The City also is part of the Potomac Drinking Water Source Protection Partnership (DWSPP), a formal agreement among jurisdictions whose drinking water source is the Potomac. Each year, the DWSPP conducts exercises to practice protocols during times of drought. Should drought or disaster impact the region, Frederick should have a good handle on how its water supply might be affected.

Opportunities: There are several opportunities to improve water quality and maintain adequate water supply for the City. All will be discussed in detail in the forthcoming Policies and Actions sections. Below are a few examples of policies and actions that will be explored.

    1. Prioritize riparian areas for tree planting efforts
    2. Educate City residents and businesses about water conservation
    3. Explore incentives for developers to capture beyond the required one inch of stormwater
    4. Determine the adaptability of the City’s water supply to climate change
    5. Explore incentives for property owners to reduce existing impervious areas or install BMPs to help reduce stormwater runoff in existing urban areas

Air Quality

Air quality fluctuates as emissions from vehicles, industry, and power plants increase or decrease. Exposure to elevated levels of airborne pollutants cause and aggravate a range of lung and respiratory ailments including allergies, emphysema, pneumonia, and chronic bronchitis. It also is a risk factor for cardio vascular problems such as heart attacks, strokes, heart failure, and irregular heartbeats.

The EPA tracks the air quality in the Washington metropolitan region. The Air Quality Index (AQI) is calculated for five major pollutants: particulate matter (PM10, PM2.5, and PM1), ozone, carbon monoxide, sulfur dioxide, and nitrogen dioxide. All of these pollutants are regulated by the Clean Air Act and together they indicate if the air quality should be of concern each day. Good air quality is rated below 50, moderate air quality rates 51 to 100, and the worst air quality, which is very unhealthy for everyone rates 201 to 300. The Washington metropolitan region experiences mostly good to moderate days, with very few rating above 100.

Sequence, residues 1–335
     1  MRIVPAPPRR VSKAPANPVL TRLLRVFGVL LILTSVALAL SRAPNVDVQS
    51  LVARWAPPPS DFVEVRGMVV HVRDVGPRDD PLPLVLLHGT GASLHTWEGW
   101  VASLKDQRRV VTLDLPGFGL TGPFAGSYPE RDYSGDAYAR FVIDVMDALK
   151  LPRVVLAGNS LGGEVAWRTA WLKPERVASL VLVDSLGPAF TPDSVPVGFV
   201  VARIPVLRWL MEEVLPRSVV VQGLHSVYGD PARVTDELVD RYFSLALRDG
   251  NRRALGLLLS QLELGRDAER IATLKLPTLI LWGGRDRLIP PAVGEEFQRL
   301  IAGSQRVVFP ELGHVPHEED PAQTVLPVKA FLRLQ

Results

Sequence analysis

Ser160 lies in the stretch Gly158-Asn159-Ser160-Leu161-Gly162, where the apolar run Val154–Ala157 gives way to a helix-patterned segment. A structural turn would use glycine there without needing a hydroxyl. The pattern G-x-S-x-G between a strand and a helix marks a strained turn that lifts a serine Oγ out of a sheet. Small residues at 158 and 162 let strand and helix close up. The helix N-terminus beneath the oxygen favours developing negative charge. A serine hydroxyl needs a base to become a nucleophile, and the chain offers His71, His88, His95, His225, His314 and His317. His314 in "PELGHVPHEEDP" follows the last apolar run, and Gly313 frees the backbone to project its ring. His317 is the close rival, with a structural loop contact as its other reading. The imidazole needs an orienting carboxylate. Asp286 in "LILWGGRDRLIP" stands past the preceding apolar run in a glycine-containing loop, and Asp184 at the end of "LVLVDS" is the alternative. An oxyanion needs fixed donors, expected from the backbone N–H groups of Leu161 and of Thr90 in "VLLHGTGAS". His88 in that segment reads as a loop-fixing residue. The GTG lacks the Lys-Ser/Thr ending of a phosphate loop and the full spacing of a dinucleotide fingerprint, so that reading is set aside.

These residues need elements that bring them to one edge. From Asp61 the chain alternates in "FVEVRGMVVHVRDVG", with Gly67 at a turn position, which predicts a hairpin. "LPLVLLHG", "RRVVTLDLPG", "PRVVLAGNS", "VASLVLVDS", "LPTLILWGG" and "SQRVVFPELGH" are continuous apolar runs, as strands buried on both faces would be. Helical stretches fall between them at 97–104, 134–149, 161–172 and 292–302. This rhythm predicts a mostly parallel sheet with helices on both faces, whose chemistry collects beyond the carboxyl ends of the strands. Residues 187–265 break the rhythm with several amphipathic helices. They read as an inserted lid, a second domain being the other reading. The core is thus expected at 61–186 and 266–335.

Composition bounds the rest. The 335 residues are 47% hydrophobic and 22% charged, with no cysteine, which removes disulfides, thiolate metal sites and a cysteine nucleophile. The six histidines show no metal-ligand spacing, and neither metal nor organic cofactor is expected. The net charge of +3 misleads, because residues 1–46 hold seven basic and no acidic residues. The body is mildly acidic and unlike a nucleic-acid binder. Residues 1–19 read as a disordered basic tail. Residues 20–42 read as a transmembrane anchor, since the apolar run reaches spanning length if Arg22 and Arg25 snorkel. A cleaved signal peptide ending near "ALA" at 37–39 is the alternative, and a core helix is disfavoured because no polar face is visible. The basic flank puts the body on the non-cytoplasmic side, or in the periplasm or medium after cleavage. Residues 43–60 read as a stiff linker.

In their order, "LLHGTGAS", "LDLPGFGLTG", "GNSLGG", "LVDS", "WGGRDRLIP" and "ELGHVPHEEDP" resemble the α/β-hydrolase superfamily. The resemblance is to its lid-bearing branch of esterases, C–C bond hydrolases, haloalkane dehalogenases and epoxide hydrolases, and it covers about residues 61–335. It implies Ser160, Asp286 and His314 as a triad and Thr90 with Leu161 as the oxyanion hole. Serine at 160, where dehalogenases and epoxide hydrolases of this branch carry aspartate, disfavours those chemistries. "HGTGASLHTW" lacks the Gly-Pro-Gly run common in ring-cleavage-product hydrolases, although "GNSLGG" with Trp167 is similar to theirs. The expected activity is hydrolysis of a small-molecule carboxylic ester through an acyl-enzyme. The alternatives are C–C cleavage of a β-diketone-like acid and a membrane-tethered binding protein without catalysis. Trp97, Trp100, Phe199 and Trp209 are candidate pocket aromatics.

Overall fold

Frederick has very little industry that contributes to air pollution, however, airborne pollutants can travel hundreds of miles, settle on land, and be carried to waterways in runoff. Of particular concern are pollutants from the combustion of fossil fuels, the release of chemical byproducts from industrial and agricultural processes, and waste incineration, according to the Environmental Protection Agency (EPA).

Pollution from industry in states west of Maryland makes the issue difficult to correct. Continuing to encourage alternative modes of transportation, providing safe bicycle and pedestrian corridors, building infrastructure for electric vehicles, and increasing the urban tree canopy will help reduce emissions on a local scale.

Opportunities: There are several opportunities to improve air quality in the City. All will be discussed in detail in the forthcoming Policies and Actions sections. Below are a few examples of policies and actions that will be explored.

    1. Prioritize tree planting throughout the City
    2. Determine the expected effects of urban heat island and climate change on the City
    3. Prioritize alternative transportation throughout the City to reduce dependence on autos

Frederick News Post
City reviews new sustainability plan
Thursday, October 23, 2014